Feeling safe is the anthesis of experiencing feeling threatened. Without potential threats, our experience of feeling safe would serve no purpose. The evolution of protective responses reached a level where the task of maintaining vigilance for potential threats could be delegated to members whose specific job was to monitor for threats, thereby enabling other members to settle into the experience of feeling safe. The archetypal example of this is the sentinel Prarie Dog maintaining vigilance for predators atop the burrow while the other members graze nearby. Mammals developed this modality in which extended nurturing of new members could unfold inside a protective “bubble” maintained by other members dedicated to protection.
The safe space inside this bubble enabled mammals to engage in complex social behaviors that facilitated further evolutionary potentials, eventually leading to our extended maturation cycle, which lasts perhaps 25 years. One feature required for this system to function is the ability to sense cues to distinguish between safety and threat. These cues have been studied extensively by Dr. Steven Porges and documented in his Polyvagal Theory writings. Our level of vigilance for these cues or the trigger threshold for protective responses from these cues correlates directly to our experience of feeling safe and degree of social engagement.
The safest place is at the center of the herd. Essential to the ability to perceive this is a continuing perception of the self relative to the group. For herd mammals, the closer to the edge of the herd on is, the less safe one feels. This dynamic actively expresses in our species as social anxiety and the drive to get as close as possible to the center of one’s group/tribe/social unit. As conscious members of our group or tribe, we continually consciously regulate these and other emotional drivers of group cohesiveness. These dynamics are so distinctive among the collective of species of animals that here they are elevated to the level of an archetype:
The cognitive mechanism correlating with the emergence of protective safety is emotion. Emotion enables individual members of the group to interact non-consciously or semi-consciously as a socially cohesive unit. Love, Bonding, Grief, Shame, Guilt, Jealousy, and Resentment are some examples of these emotional drivers. Feeling safe is an emotion. Emotionally driven cognition is a defining attribute of Mammals and is discussed in the context of Mammalian Neurophysiology in the section on:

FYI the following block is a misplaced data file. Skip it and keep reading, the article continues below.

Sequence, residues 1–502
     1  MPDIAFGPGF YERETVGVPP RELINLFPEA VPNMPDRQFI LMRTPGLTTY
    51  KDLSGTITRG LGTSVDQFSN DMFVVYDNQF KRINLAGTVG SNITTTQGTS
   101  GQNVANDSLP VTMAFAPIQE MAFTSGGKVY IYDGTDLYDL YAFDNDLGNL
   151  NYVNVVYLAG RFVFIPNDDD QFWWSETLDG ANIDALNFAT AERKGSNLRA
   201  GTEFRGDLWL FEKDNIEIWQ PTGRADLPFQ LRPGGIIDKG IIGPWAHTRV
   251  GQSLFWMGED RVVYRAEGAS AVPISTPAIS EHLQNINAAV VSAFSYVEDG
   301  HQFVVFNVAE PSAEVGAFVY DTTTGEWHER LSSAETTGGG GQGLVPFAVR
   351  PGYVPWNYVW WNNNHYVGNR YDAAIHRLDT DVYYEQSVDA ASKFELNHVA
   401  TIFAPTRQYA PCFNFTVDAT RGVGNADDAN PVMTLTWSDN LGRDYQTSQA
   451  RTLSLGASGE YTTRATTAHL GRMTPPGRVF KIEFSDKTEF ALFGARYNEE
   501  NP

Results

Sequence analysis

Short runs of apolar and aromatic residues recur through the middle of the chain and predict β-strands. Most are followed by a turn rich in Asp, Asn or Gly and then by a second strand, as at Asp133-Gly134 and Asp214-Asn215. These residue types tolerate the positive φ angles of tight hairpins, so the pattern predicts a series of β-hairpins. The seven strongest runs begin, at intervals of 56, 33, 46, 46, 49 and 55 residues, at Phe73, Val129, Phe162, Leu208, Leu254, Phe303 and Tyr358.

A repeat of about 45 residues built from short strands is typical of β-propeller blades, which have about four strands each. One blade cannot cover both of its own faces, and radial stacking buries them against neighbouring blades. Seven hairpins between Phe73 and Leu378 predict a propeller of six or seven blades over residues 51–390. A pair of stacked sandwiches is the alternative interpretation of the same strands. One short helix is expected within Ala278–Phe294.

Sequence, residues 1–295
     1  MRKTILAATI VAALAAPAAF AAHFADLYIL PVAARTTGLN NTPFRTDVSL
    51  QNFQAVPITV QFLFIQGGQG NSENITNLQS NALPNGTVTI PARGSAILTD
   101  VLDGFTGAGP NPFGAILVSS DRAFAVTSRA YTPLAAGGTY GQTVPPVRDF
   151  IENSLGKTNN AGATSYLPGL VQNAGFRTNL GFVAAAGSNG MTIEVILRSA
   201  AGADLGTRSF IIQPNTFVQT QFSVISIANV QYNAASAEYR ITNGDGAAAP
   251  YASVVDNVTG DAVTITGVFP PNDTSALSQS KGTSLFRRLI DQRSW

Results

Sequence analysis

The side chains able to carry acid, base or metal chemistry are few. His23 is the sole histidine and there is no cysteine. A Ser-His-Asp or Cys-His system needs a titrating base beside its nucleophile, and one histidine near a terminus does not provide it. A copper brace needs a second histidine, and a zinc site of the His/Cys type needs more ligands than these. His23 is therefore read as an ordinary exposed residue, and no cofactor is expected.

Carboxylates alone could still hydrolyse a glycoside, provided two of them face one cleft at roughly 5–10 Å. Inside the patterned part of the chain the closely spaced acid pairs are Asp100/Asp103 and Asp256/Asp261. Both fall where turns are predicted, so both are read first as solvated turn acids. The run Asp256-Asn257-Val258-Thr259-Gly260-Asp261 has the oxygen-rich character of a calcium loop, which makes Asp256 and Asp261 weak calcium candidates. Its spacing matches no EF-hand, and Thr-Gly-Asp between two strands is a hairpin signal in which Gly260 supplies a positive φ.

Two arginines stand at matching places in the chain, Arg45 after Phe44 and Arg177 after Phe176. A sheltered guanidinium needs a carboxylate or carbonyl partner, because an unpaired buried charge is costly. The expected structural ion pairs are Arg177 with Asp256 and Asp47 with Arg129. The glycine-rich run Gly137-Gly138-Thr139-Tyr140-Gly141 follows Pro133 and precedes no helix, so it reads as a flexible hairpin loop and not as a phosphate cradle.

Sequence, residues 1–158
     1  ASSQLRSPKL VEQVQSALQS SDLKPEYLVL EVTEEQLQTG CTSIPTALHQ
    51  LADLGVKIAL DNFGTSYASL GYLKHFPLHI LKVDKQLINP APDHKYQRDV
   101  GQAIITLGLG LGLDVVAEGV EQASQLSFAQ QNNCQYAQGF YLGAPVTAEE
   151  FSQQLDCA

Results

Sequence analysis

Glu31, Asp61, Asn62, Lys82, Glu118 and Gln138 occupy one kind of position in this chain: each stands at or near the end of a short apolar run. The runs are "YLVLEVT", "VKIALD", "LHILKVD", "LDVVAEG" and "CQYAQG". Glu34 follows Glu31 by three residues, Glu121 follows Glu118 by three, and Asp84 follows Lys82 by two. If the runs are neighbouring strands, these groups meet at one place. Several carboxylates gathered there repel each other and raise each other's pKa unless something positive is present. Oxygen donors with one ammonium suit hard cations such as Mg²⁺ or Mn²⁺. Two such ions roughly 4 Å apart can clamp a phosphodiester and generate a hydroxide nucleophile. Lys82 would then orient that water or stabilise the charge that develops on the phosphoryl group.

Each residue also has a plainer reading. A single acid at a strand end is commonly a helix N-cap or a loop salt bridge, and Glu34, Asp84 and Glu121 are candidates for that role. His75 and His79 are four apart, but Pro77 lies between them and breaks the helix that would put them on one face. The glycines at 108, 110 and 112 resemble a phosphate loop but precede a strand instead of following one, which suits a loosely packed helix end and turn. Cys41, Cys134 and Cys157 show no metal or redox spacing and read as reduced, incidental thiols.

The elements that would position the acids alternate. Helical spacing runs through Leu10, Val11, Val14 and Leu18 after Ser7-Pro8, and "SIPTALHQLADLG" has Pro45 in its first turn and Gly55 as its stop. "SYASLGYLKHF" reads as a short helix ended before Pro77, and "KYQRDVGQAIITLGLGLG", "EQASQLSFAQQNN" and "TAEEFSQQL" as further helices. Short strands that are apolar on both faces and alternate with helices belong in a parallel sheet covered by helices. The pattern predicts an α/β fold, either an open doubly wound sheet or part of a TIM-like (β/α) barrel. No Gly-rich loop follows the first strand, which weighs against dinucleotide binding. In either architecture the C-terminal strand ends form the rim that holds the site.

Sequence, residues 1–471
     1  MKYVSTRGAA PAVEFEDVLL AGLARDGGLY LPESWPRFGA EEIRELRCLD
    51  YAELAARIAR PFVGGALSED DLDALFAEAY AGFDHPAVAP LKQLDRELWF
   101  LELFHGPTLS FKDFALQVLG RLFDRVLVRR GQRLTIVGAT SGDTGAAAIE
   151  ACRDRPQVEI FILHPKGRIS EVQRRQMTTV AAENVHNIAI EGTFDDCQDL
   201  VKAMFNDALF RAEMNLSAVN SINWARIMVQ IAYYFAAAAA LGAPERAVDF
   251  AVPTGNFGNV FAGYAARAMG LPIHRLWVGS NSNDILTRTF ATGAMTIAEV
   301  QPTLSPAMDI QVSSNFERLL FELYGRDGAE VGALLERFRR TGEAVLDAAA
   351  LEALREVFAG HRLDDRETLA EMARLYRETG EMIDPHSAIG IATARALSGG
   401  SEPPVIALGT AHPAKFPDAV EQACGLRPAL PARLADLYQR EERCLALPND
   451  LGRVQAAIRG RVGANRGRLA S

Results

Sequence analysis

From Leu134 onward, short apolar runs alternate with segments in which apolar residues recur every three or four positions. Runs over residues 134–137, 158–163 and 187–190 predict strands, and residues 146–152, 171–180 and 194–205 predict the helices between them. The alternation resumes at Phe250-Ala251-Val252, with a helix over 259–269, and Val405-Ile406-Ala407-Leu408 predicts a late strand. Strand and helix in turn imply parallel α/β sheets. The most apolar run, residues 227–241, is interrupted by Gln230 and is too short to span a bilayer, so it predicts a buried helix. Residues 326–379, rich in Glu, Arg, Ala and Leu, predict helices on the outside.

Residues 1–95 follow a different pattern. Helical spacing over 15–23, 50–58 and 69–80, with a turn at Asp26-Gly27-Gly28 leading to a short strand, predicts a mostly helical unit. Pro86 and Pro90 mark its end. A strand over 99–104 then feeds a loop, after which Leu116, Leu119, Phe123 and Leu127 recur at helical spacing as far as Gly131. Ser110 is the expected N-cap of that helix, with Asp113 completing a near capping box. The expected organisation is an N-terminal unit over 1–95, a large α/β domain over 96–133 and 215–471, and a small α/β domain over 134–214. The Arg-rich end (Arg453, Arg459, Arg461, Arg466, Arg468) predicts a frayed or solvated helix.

Cooperative strategies for protection, for example, distracting prey or predator while another member attacked from the blind side afforded an insurmountable fitness advantage, which, given the opportunity afforded by the previous mass extinction event, led to Mammalian dominance of the living system. These strategies have at this point resulted in our capacity to wage war, which one can argue has, in the quest for safety has resulted in our being quite unsafe, but in a seemingly abstract way (which we are not able to process abstractly using the emotional driver for safety which got us here (emotion cannot process abstractly)). These emotionally driven dynamics are quite fluid and complex and difficult to tease apart. This study discusses an aspect of this ongoing work:
Social determinants of health and survival in humans and other animals
/DELEGATING PROTECTIVE ACTIONS ISOLATES PROTECTION FROM PRESENT MOMENT EXPERIENCE. AS LONG AS SAFETY IS MAINTAINED IT DOES NOT MATTER HOW THAT OCCURS.
Safety is one layer of many that describe the evolutionary progression of protective responses. There is a discussion of this progression here:
MEANS AND METHODS
An overview of protective mechanisms as expressed in our species:
An overview of the archetypes for which protection serves as a special case:
An overview of all of the models dissecting the human experience presented on this website: